Archive for the ‘TriBeCa’ Category

 


I was so moved by the women of the Omo Valley that I wanted to get models to photograph. I went to the MAC Cosmetics store in Harlem and they suggested
that I go to their Chelsea location. I shared images from Hans Silvester and the staff was blown away. But immediately they shared how I should model.
So, with their help along with the Body Shop in Harlem, I experimented. I want to thank MAC and the Body Shop for letting me enjoy this moment.

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Jewellery is made and worn in all African tribes. It is often made from available materials such as plant and animal materials like seeds, feathers, horn, shell, bone and leather. These materials themselves may be symbolic, such as ivory, which is highly prized as a sign of strength and hunting skill, or lion’s manes worn by the most powerful Masaai warriors. Other desirable materials have long been traded, bartered and imported into Africa, such as glass beads. Precious metals are used for jewellery in numerous tribes.
Most common are brass, copper and bronze, while much gold was mined and used in West Africa, for example by the Akan-speaking people like the Ashanti of Ghana. This wealthy society has based its economy and artistic heritage on gold since the early eighteenth century, and highly skilled goldsmiths and jewellers have produced superb jewellery and artefacts. The royal court of Ashanti still possesses and uses vast amounts of gold jewellery. The jewelry that we are spotlighting is from Brooklyn based artist Jimmy Shack. In remaking the Omo several oieces from collections were loan to show how one can use contemporary jewelry to create this African inspired look.

 
Jimmy Shack is a contemporary artist working in Brooklyn, New York. He is a graduate from the Ontario College of Art in Toronto in 1986 with a primary course of study in painting and printmaking. 

After moving to New York City in 1987, he continued his artistic development by exploring the field of ceramics through coursework at the Parsons School of Design, Greenwich House Pottery and Chelsea Ceramic Guild, all in New York City and in New Jersey at Peter’s Valley Craft Education Centre. 

In reflecting on his journey with clay, Shack finds symmetry with life and pottery.  “Clay becomes the vehicle for expressing your vision.  Through the process and rhythms of creating a pioece you find beauty in the clay which only becomes richer with the layering of color and glazes.  It is also the provocative way that a pot holds ad bound you in rapture of it’s emotional content and function.”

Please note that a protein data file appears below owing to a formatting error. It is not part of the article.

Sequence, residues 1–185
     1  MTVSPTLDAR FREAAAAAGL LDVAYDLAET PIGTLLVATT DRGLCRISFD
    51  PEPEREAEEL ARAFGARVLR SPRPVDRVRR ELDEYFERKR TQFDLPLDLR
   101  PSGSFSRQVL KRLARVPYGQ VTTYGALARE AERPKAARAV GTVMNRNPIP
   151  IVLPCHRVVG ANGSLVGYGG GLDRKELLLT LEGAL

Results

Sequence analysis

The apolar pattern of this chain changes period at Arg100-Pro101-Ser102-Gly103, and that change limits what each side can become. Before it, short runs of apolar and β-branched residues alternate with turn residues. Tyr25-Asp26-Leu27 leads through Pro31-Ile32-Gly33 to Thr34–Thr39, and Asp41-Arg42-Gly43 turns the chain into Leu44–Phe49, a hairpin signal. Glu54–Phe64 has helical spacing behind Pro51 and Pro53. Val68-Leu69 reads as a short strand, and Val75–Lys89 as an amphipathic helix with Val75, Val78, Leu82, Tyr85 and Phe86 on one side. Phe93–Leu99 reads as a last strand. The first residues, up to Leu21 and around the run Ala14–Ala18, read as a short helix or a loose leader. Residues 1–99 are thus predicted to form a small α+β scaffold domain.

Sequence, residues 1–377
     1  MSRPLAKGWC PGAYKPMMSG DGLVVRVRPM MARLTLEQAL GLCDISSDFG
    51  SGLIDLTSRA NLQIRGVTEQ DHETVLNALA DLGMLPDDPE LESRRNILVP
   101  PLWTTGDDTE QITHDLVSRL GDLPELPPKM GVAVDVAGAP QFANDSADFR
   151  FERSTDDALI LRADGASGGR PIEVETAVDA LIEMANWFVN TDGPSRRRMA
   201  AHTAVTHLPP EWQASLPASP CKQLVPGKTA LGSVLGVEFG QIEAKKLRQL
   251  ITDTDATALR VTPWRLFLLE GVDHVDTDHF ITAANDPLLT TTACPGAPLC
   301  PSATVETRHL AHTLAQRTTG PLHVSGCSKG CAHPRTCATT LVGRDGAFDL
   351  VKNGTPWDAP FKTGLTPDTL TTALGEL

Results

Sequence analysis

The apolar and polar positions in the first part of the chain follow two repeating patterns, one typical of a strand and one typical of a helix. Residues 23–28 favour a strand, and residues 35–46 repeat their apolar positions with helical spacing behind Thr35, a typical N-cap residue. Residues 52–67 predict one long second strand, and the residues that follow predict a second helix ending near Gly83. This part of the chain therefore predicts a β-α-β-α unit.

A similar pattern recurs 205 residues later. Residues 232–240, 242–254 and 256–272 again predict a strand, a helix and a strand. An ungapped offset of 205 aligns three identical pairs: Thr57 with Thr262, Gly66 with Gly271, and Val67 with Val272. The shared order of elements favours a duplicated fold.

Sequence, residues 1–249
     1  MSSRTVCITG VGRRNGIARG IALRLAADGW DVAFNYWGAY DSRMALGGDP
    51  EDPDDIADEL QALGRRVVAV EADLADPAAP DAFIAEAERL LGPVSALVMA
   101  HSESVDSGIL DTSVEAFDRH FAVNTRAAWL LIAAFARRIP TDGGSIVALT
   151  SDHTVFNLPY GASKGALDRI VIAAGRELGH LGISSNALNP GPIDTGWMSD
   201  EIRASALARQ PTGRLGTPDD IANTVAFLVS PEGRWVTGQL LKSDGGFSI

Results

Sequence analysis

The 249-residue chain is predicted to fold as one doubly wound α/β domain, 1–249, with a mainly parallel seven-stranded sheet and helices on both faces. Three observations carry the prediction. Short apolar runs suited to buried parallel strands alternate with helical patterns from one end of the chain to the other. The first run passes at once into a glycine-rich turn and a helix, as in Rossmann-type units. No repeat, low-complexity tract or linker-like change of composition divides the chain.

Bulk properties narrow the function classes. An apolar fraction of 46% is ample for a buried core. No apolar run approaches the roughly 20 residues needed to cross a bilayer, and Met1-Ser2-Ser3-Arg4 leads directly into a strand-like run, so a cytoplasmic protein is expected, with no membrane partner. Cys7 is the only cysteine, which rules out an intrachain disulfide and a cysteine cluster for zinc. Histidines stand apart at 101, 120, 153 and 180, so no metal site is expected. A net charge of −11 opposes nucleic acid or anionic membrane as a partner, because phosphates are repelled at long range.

Shack has participated in group shows in his native Canada and in New York, including the Nexus Gallery, New York City; The Art Collaborative, New York City; The Brooklyn Artist Open Studio Show, Greenpoint; The Roots Underground Gallery, Toronto; Gallery 76, Toronto; and mdh fine arts, New York City. Special thanks to Wanda at Barking Lizards Gallery in Williamsburg who represents Mr. Shack and arrange for the inclusion of his collection.
 

                         

   

 
 

Photo credit: Hans Silvester

The Sacred Body Art of the Omo Valley

The Omo Valley people have lived in southwestern Ethiopia and neighboring Kenya and the Sudan for centuries. The landscape of the Omo Valley is very diverse: vast savannah with mountains on the horizon, beautiful views, the arid semi-desert, acacia bushes, hills and forests on the banks of the Omo River with its deep canyons and rapids.

The Omo Valley people still practice body painting and tattooing. A garland of flowers, a veil of seed-pods, buffalo horn, a crown of melons, feathers, stems and storks all could be used to express joy or celebrate a rite of passage. The wearer can sometimes takes on the characteristic of a supernatural state.

The West Harlem Art Fund in an attempt to preserve this tradition will re-create this body art work with Scherezade Garcia, sculptor and installation artist, that will be displayed at the African Burial Ground in Lower Manhattan, along with a dedicated blog site that features other artists for Armory Week 2012.

An evening of wine tasting will be held on Friday, March 9th at Lot 125 at 7p.m. Tour and artist talk at the African Burial Ground in TriBeCa, March 10th at 2 p.m.

Lot 125 is located at 566 W. 125th Street, New York, N.Y. 10027 (212) 663-9015.

African Burial Ground, 290 Broadway (btwn Duane & Reade Sts), New York, N.Y. 10007 (212) 637-2019